The development of therapies to prevent preterm birth, which is the major cause of neonatal morbidity and mortality, requires a clear understanding of the hormonal interactions that transform the myometrium from the relaxed to the laboring state. In this context, progesterone is a major player because it promotes myometrial relaxation for most of pregnancy, its withdrawal initiates labor, and progestin prophylaxis decreases the incidence of preterm birth in a subset of women. The proposed research examines how progesterone exerts these actions by determining how, via its interaction with its receptors, PR-A and PR-B, it affects gene expression in human myometrial cells. Our published data suggest that progesterone promotes myometrial relaxation via PR-B and that labor is initiated by increased myometrial cell expression of PR-A, which causes functional progesterone withdrawal by inhibiting the transcriptional activity of PR-B. To test this hypothesis we developed a human myometrial cell line to examine how PR-A and PR-B affect genomic actions of progesterone. We found that progesterone was anti-inflammatory and inhibited the expression of pro- inflammatory genes in PR-B-dominant cells but had the opposite effect in PR-A-dominant cells. The effects appeared to be mediated by direct actions of the PRs at the promoters of pro-inflammatory genes and by modulation of nuclear factor -?B (NF?B) activity;especially by increased expression of I?B?, a major repressor if NF?B. These findings are important because labor is thought to be sequelae of myometrial inflammation. Thus we propose that progesterone via PR-B promotes myometrial relaxation by inhibiting NF-?B-mediated pro-inflammatory gene expression, whereas it promotes labor via PR-A-mediated up-regulation of pro- inflammatory gene expression. To test this hypothesis we will: 1) determine how progesterone via its interaction with PR-A and PR-B affects basal and cytokine-induced expression of prostaglandin (PG) - endoperoxide synthase 2 (PTGS2;chosen as a prototypical pro-labor/pro-inflammatory gene) and I?B? in human myometrial cells (Specific Aim 1). We will characterize the mechanism by which PR-A and PR-B interact at the PTGS2 and I?B? promoters, and how they may modulate NF-?B activity. Another important concept to arise from our research is that the parturition-associated increase in myometrial cell PR-A expression, which is a key event in human parturition, is up-regulated by PGF2?.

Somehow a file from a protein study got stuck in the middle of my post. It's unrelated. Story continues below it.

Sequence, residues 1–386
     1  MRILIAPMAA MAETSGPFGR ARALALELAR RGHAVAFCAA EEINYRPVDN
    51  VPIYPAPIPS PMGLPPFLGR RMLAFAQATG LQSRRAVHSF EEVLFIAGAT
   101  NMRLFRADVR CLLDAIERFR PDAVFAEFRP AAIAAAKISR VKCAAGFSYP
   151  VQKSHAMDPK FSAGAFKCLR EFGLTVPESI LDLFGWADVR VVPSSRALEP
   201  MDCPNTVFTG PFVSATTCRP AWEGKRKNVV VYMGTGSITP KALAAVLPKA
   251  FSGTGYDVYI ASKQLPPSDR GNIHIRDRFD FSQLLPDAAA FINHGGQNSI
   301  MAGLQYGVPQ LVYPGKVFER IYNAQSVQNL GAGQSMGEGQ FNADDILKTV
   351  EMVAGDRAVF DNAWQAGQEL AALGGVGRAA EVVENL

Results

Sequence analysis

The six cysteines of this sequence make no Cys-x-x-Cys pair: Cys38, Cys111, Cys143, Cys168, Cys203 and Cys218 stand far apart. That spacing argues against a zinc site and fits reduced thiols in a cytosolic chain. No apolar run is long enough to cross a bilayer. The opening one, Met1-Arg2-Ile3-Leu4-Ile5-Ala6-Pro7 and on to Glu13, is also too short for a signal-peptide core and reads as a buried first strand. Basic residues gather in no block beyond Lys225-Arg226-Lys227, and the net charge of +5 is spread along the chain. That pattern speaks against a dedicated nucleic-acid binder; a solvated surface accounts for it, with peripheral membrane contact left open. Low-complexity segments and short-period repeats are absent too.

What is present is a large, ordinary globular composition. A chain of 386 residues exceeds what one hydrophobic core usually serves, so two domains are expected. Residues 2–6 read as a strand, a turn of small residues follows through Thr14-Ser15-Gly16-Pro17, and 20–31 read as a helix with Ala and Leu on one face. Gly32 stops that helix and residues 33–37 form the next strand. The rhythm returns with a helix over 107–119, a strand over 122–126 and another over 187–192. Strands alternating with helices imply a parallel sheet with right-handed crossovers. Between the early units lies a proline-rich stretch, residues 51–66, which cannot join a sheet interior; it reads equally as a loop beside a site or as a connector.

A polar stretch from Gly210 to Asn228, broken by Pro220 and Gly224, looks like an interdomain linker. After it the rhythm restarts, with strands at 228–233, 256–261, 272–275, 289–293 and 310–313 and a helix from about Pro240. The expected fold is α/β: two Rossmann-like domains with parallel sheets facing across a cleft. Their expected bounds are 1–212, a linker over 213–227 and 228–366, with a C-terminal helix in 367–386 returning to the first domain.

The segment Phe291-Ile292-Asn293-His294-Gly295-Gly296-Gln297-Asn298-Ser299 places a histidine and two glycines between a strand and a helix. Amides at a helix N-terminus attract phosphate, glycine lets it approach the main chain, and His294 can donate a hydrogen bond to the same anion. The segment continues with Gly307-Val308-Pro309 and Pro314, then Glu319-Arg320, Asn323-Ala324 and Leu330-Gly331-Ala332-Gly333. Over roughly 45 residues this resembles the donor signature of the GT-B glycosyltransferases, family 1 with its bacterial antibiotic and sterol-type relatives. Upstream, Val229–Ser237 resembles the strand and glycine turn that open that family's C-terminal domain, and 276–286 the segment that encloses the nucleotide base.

Specific Aim 2 wil be to identify the intracellular signaling pathways and cis/trans regulators through which PGF2? affects PR-A expression in human myometrial cells. The signaling pathways through which PGF2? via its receptor affects PR-A expression and the cis elements in the PR-A promoter and the transcription factors acting on those elements through which PGF2? induces PR-A expression will be identified. Experiments for both aims will be performed in human myometrial cell lines, including our line that expresses PR-A and PR-B in response to independent inducers, and myometrial explant and primary myocyte cultures of term myometrium. The research will advance understanding of how progesterone controls human pregnancy and parturition and provide knowledge needed to develop/improve progestin-based therapies to prevent preterm birth.
Preterm birth is a major socioeconomic problem that affects 10-15% of pregnancies and causes 70-80% of neonatal mortality and morbidity. Despite advances in neonatal care that have improved survival outcomes, the confounding problems due to preterm birth profoundly affect a preterm infant's future health. Clearly, the final phase o fetal development is best achieved in the womb environment rather than in the neonatal intensive care unit. To this end, we must prevent and/or suppress preterm labor. However, current therapies to suppress preterm labor are generally ineffective. To solve this problem we must fill the knowledge-gaps that limit our capacity to develop effective treatments for preterm labor. To this end, our goal is to elucidate the hormonal interactions that control uterine contractility during human pregnancy. In this context the steroid hormone progesterone is critical. This proposal addresses the molecular mechanisms by which the nuclear progesterone receptors PR-A and PR-B mediate progesterone actions in human myometrial cells. A clear understanding of this process may reveal novel therapeutic targets for the suppression of preterm labor and the prevention of preterm birth.